This unit information may be updated and amended immediately prior to semester. To ensure you have the correct outline, please check it again at the beginning of semester.

  • Unit Title

    Information Security
  • Unit Code

    CSI2102
  • Year

    2017
  • Enrolment Period

    2
  • Version

    1
  • Credit Points

    15
  • Full Year Unit

    N
  • Mode of Delivery

    On Campus
    Online
  • Unit Co-ordinator

    Dr Krishnun SANSUROOAH

Description

This unit covers the basic principles and techniques used to protect information. The areas covered are: defining, identifying and classifying information as a resource, access control, information risk analysis, contingency planning, information technology systems, threats to information systems security, data security legislation, database systems and associated security, procedures for secure information flow, classification systems, document and record storage, case studies of information technology systems and abuse including fraud, industrial espionage, confidentiality and privacy breaches, data protection and copyright, and ethical issues associated with information security.

Equivalent Rule

Unit was previously coded CSI4104, CSI5133

Learning Outcomes

On completion of this unit students should be able to:

  1. Demonstrate an understanding of the advantages, disadvantages, threats and vulnerabilities associated with various IT environments.
  2. Describe and apply classification systems for information.
  3. Describe and apply concepts, principles and techniques relating to the security of information.
  4. Describe the components of cyberspace and outline the security issues associated it.
  5. Describe the role of risk analysis and contingency planning in information security.
  6. Identify the importance of information to organisations and society in general.
  7. Outline the ethical and legal issues associated with information security and analyse their implications.
  8. Use the Internet to locate information security services.

Unit Content

  1. Case studies covering fraud, software copyright, privacy and denial of service.
  2. Data and information as a resource including classification, access and transmission controls. A working definition of data, information, and knowledge.
  3. Data protection and privacy, copyright, ownership principles, ethical and legal aspects. Data Protection Acts in Australia, UK, US, and Europe.
  4. Document security, physical protection, archive, retrieval, and classification systems.
  5. Information management. Access, identification, authorisation controls. Ensuring availability, accuracy, and confidentiality of information.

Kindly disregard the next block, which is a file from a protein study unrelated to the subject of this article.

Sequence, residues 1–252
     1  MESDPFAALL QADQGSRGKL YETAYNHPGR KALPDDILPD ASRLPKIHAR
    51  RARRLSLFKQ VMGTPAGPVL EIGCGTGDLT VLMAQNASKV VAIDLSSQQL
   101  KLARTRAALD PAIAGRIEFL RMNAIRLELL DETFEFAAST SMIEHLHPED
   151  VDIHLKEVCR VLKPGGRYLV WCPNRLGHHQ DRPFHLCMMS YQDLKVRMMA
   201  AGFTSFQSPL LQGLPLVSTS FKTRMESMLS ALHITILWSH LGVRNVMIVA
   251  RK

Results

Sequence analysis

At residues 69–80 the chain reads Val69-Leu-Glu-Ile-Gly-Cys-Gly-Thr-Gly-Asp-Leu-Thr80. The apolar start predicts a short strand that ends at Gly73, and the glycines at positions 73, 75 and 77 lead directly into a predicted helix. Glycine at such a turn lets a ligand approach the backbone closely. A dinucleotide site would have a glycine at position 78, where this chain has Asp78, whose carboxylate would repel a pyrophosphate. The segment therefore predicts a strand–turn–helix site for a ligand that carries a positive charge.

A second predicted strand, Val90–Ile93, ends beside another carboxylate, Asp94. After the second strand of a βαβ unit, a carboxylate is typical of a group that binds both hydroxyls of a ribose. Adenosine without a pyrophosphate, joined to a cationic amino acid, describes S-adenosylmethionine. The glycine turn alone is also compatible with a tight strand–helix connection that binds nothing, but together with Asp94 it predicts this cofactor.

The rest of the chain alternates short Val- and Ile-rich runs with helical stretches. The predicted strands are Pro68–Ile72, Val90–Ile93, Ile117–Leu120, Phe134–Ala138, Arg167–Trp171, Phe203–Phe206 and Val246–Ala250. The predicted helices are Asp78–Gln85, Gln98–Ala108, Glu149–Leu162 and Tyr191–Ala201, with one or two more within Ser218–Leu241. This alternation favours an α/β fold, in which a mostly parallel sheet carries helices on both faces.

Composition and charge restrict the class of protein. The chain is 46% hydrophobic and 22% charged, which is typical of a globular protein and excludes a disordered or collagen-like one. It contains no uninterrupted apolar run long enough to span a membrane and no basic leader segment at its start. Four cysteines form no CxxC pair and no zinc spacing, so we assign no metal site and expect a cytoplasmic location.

6. Logical protection of systems
  7. Monitoring security of information and information flow. Security intelligence systems.
  8. Risk analysis, risk assessment and contingency planning for information security. Risk management. Impact and probability of threat.
  9. The differences and similarities between computer and information security.
  10. The use of the Internet and information sources in information security.
  11. Use of the Internet as an information resource. Examination of security issues in cyberspace. Management of incidents: detection, identification of intruder, response, reporting, and change process.

Teaching and Learning Processes

Lectures, workshops, use of the Internet.

Assessment

GS1 GRADING SCHEMA 1 Used for standard coursework units

Students please note: The marks and grades received by students on assessments may be subject to further moderation. All marks and grades are to be considered provisional until endorsed by the relevant Board of Examiners.

ON CAMPUS
TypeDescriptionValue
AssignmentConcept mapping for information security20%
AssignmentInformation classification schema30%
Examination ^End of semester examination50%
ONLINE
TypeDescriptionValue
AssignmentConcept mapping for information security20%
AssignmentInformation classification schema30%
Examination ^End of semester examination50%

^ Mandatory to Pass

Core Reading(s)

  • n.d. (2018). Principles of information security. [Place of publication not identified]: CENGAGE LEARNING CUSTOM P.

Disability Standards for Education (Commonwealth 2005)

For the purposes of considering a request for Reasonable Adjustments under the Disability Standards for Education (Commonwealth 2005), inherent requirements for this subject are articulated in the Unit Description, Learning Outcomes and Assessment Requirements of this entry. The University is dedicated to provide support to those with special requirements. Further details on the support for students with disabilities or medical conditions can be found at the Student Equity, Diversity and Disability Service website.

Academic Misconduct

Edith Cowan University has firm rules governing academic misconduct and there are substantial penalties that can be applied to students who are found in breach of these rules. Academic misconduct includes, but is not limited to:

  • plagiarism;
  • unauthorised collaboration;
  • cheating in examinations;
  • theft of other students’ work;

Additionally, any material submitted for assessment purposes must be work that has not been submitted previously, by any person, for any other unit at ECU or elsewhere.

The ECU rules and policies governing all academic activities, including misconduct, can be accessed through the ECU website.

CSI2102|1|2